Grown-up romance in “Enough Said”
Martha's Vineyard Times File Photo
Vineyard filmgoers have a special treat in store for themselves this weekend when "Enough Said" brings grown-up, romantic comedy to the Martha's Vineyard Film Center. In addition, the Film Center will screen a British National Theatre production of Shakespeare's "Othello," return "Haute Cuisine" once more, and present the 1971 Katharine Cornell documentary, "This Is Our Island," in collaboration with the Martha's Vineyard Museum and introduced by author Tom Dunlop.
"Enough Said" puts together a first-rate cast of actors starting with Julia Louis Dreyfus as Eva and James Gandolfini as Albert, who meet at a party and cautiously begin dating. Mr. Gandolfini's appearance in "Enough Said" is one of the last before his recent, untimely death, and he brings depth to his role as a man who knows his limitations and is comfortable with himself. He provides a solid foil to Ms. Louis Dreyfus's sprightly antics as a massage therapist who doesn't need to overplay her reactions to her clients: the guy who stands and watches as she lugs her portable massage table up a steep flight of steps; the woman who never stops talking; the man with halitosis.
Both Albert and Eva have been married before, and each dotes on only daughters about to leave for college. Toni Collette plays Eva's best friend, Sarah, married to Will (Ben Falcone). Catherine Keener shows up as Ralph's ex, Marianne, after Eva acquires her as a client. Each of these characters contributes to the rich mix of complications in Eva and Albert's budding romance.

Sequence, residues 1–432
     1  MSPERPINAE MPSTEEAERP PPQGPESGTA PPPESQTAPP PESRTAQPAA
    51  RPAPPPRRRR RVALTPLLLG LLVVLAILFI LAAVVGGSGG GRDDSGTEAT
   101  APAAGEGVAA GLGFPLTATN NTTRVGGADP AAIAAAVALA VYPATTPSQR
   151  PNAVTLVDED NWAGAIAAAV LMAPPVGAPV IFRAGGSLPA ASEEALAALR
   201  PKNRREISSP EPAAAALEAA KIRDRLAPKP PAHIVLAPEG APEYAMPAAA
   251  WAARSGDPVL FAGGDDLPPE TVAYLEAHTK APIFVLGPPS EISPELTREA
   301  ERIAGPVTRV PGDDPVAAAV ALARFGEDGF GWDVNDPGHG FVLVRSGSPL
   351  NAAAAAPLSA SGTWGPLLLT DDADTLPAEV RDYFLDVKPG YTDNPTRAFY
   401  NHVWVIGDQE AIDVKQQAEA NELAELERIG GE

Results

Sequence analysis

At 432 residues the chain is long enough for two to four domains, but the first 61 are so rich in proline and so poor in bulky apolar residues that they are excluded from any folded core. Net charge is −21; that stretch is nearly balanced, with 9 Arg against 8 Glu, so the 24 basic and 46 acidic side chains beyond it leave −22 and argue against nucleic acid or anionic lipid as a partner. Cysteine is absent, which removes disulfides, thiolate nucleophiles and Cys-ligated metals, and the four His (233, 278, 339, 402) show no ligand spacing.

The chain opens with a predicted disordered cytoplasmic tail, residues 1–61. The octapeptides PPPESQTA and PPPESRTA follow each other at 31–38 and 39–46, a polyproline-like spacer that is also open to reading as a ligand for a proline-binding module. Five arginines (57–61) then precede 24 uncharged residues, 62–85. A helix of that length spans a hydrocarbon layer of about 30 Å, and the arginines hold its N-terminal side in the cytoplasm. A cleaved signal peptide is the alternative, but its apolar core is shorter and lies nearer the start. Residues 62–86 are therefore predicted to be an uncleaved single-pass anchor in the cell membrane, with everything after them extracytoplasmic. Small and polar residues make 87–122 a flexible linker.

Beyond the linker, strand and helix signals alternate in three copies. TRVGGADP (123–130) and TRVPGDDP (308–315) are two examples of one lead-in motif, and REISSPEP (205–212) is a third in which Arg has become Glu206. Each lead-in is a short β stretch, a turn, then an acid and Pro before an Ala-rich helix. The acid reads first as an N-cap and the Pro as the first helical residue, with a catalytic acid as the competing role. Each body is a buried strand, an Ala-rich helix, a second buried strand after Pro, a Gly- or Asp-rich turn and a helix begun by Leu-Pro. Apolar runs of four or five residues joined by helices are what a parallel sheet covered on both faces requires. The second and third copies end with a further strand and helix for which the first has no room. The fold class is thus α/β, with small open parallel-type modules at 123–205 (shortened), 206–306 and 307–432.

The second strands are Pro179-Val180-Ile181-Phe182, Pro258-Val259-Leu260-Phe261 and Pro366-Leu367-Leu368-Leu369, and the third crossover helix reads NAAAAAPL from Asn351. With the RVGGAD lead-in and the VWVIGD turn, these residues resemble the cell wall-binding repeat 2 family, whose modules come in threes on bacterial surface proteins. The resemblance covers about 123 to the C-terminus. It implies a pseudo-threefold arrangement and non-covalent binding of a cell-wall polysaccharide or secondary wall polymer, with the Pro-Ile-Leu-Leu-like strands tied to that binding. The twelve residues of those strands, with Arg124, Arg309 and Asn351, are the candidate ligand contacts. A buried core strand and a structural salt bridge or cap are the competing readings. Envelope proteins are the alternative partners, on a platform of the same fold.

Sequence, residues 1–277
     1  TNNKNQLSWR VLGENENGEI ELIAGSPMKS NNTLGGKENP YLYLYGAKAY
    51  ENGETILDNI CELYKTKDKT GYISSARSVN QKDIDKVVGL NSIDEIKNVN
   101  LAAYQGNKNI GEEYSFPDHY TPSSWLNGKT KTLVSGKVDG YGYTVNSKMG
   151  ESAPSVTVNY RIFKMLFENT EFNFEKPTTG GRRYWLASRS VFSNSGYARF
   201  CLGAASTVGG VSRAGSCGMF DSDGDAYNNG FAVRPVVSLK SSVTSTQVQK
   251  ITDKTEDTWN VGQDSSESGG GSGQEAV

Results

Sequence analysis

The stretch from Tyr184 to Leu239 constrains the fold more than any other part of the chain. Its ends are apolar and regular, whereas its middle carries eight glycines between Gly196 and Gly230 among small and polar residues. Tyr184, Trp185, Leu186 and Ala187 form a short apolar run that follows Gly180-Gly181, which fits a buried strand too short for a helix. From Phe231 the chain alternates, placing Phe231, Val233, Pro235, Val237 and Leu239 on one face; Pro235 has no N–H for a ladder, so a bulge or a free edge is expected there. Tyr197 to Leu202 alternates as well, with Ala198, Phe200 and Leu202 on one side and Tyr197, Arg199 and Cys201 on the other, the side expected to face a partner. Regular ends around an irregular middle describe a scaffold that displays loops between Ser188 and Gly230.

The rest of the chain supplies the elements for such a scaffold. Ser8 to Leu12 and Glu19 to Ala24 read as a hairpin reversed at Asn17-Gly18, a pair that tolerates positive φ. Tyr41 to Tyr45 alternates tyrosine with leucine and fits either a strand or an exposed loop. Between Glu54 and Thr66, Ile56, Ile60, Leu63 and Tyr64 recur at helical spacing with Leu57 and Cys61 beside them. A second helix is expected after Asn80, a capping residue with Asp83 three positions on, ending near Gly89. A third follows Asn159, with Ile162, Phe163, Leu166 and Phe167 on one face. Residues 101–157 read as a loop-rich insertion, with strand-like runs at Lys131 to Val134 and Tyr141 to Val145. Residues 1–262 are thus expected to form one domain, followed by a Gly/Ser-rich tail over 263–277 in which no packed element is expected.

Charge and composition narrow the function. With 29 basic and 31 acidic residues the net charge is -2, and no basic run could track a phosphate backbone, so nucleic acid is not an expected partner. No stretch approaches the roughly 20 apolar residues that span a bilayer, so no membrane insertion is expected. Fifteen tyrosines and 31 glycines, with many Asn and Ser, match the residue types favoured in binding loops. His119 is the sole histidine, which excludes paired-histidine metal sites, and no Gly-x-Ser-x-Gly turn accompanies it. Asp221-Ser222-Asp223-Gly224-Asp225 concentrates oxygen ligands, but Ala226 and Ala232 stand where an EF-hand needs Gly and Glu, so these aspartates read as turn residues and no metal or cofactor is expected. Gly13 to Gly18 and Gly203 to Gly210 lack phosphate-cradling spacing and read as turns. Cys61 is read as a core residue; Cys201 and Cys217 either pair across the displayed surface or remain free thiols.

A name-dropping poetess, Marianne plays the film's villain of sorts. Before she and Eva realize their mutual and awkward connection to Albert, Marianne takes up Eva as her new pal. In no time the two are sharing confidences, and Marianne lets loose with a litany of her ex-husband's many irritating flaws. Eva discovers before Marianne does that the Albert she's dating is Marianne's ex, and she fails to fess up. The comic complications pile up until disaster strikes.
In the meantime, viewers will watch with amusement at how Albert and Eva each negotiate the prospect of an empty nest. Albert's daughter Tess (Eve Henson) takes after her mother, thoughtlessly trashing the college Eva's daughter Ellen (Tracey Fairaway) will attend — in front of Eva. Eva starts to dote on Ellen's friend Chloe (Tavi Gevinson) to the growing irritation of both Ellen and Chloe's own mother.
"Enough Said's" writer/director Nicole Holofcener has a knack for developing believable, real-world situations and character traits as well as skewering them with just the right amount of zing. Beginning with "Walking and Talking," which was nominated for a 1996 Grand Jury Prize at Sundance, she has built successful careers in both film and TV. Make note of other Holofcener movie credits, which include "Lovely and Amazing" (2001), "Friends With Money" (2006), and "Please Give" (2010). This director has also worked on TV series like "Sex and the City," "Six Feet Under," and "Parks and Recreation." Remember Ms. Holofcener's name, because she has a talent too rare these days in Hollywood.
"Enough Said," Thursday, Oct. 24, Friday, Oct. 25, Saturday, Oct. 26, and Sunday, Oct. 27, 7:30 pm, Martha's Vineyard Film Center, Vineyard Haven. $12; $9 M.V. Film Society members; $7 children under 14. For tickets and more information, visit mvfilmsociety.com.